Some times I have to reverse engineer a bad day to figure out how my anxiety gets the best of me.
Today was a tough day. My oldest child is six years away from college and yet I had a near panic attack worrying about how to pay for her college tuition. I worried about how we are going to pay for braces for my youngest two...not to mention theircollege tuition.
I worried about what my family would do if something happens to me. I have insurance, but is it enough?
Today was not unlike most Mondays, actually. I don’t do transitions well—and I’m not talking about my writing style.
The transition from the weekend to the work week is always a struggle. The transition from home to work in the morning and then work back to home at night is hard some days, too.
Change causes anxiety for me. And as I’ve written before, my problems controlling anxiety only aggravate my depression.
My doctor just today decided to increase my dosage of Abilify, because the progress I’ve made since some really dark days this summer has stalled.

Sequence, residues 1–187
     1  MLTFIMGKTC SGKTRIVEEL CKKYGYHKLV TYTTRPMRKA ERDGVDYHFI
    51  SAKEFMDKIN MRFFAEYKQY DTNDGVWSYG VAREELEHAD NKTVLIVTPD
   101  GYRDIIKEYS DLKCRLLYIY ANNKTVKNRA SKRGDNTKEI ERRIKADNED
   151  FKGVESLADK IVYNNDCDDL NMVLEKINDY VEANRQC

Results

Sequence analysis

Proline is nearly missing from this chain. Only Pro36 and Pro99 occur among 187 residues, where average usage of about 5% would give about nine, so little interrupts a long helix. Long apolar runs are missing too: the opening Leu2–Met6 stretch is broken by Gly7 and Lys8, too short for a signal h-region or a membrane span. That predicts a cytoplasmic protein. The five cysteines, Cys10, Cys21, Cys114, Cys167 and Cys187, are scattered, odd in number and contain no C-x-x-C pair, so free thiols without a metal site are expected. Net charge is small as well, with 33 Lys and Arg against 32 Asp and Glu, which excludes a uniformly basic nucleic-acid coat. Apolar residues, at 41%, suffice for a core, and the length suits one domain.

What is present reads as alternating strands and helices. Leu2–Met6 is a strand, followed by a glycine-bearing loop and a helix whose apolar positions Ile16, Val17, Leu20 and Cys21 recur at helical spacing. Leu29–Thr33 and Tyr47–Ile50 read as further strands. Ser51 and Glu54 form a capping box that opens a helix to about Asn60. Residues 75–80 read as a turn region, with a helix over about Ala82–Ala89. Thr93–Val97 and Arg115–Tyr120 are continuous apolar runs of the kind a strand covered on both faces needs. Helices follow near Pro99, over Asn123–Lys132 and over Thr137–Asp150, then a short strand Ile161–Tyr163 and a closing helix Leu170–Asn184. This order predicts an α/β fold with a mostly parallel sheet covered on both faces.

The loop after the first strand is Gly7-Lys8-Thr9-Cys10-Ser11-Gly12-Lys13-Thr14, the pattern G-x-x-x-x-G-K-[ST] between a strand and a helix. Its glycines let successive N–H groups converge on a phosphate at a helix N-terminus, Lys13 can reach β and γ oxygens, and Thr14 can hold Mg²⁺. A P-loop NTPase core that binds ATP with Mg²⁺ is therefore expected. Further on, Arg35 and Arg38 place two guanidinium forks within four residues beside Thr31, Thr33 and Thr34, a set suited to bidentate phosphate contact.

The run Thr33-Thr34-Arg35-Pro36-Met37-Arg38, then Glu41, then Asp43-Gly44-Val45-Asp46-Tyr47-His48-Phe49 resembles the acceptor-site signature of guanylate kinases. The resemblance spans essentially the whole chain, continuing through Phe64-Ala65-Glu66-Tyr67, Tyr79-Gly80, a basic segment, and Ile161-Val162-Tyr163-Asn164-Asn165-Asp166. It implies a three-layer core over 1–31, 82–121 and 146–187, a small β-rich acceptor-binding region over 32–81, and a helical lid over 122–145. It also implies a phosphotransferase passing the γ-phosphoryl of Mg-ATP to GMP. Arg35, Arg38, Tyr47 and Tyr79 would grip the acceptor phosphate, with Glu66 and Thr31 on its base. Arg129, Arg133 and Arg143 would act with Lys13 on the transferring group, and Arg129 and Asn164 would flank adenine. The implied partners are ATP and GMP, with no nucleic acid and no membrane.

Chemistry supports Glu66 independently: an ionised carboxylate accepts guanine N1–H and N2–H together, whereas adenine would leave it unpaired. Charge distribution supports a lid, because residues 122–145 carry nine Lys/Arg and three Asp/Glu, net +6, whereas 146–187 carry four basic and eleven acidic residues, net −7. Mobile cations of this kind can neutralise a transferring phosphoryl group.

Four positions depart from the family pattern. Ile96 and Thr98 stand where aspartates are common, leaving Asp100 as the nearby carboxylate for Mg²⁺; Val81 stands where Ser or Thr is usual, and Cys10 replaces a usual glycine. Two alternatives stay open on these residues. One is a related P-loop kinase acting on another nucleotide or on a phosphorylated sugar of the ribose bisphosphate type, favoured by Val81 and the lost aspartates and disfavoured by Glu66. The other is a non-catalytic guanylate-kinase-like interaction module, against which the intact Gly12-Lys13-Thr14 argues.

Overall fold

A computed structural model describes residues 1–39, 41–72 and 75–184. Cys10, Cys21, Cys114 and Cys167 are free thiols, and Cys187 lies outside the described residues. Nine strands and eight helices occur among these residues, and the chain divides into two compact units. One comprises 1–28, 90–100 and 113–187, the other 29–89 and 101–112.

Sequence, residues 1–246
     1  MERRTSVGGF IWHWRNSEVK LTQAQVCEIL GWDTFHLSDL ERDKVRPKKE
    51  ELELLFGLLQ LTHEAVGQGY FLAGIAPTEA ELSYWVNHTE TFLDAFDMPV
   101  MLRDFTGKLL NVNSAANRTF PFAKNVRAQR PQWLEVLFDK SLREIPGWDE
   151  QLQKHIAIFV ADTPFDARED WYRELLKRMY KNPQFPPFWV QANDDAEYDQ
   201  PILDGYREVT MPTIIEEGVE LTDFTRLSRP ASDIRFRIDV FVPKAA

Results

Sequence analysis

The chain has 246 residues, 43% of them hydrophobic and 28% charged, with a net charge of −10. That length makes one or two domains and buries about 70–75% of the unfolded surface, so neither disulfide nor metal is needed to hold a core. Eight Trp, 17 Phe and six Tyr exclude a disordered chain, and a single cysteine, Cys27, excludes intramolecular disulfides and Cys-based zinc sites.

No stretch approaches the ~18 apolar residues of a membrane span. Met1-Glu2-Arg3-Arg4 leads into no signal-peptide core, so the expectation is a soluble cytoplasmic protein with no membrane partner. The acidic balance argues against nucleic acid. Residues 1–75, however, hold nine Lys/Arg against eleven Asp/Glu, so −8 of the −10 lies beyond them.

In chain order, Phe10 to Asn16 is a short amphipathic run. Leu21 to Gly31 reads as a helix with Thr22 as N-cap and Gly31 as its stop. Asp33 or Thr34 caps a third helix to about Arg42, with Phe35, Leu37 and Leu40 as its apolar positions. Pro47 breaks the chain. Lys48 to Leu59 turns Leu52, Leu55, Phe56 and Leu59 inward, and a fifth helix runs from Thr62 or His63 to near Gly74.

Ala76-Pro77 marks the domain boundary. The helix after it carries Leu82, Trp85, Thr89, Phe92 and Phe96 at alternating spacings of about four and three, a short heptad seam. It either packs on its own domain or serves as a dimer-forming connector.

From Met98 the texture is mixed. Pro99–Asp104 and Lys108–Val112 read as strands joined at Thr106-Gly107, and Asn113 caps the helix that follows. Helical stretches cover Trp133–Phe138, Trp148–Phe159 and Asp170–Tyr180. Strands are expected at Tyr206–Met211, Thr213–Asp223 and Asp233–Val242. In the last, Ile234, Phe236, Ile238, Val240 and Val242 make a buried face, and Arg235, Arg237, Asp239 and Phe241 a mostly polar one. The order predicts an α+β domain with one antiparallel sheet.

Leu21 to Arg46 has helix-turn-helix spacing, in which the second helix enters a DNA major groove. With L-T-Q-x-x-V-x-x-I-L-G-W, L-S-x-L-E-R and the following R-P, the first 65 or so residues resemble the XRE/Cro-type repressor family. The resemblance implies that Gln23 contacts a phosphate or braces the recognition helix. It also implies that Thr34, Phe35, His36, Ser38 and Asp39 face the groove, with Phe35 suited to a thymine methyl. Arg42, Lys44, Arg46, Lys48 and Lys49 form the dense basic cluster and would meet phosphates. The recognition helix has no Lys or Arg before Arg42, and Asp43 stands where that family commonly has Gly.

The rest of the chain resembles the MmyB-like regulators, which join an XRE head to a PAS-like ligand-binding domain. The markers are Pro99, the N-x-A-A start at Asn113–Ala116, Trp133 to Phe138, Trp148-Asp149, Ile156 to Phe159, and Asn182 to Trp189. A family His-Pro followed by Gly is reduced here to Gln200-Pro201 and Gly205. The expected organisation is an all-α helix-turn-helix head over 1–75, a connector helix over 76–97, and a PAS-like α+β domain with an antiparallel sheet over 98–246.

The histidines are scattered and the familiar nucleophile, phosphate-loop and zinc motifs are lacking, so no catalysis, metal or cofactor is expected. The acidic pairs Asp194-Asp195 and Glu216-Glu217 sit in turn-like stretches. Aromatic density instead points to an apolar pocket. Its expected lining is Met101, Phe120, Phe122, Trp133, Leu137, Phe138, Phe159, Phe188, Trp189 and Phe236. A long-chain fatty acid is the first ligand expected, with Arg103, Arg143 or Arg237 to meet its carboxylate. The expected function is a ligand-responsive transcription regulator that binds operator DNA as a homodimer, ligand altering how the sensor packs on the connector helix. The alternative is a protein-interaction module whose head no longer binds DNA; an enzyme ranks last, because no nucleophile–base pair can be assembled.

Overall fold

(That paragraph is a good example of a bad transition).
In searching around for information on anxiety and depression tonight, I found some helpful informationon depression and anxiety from the Anxiety Disorders Association of America. It explains that depression and anxiety disorders are different, but some of the symptoms are the same. They include nervousness, irritability, sleeping issues and problems and trouble concentrating. Sound familiar? Does to me.
I have never been diagnosed with an anxiety disorder, but I don’t need to be. I know it’s a problem.
So how do I reverse engineer my day? Looking back, I realize I should have done something helpful when the negative thoughts occurred. I should have written down an action item, like figuring out a way to set aside a little additional money for the kids’ college funds. Then I should have stopped worrying about it.
If you are like me, that’s easier to say than it is to do.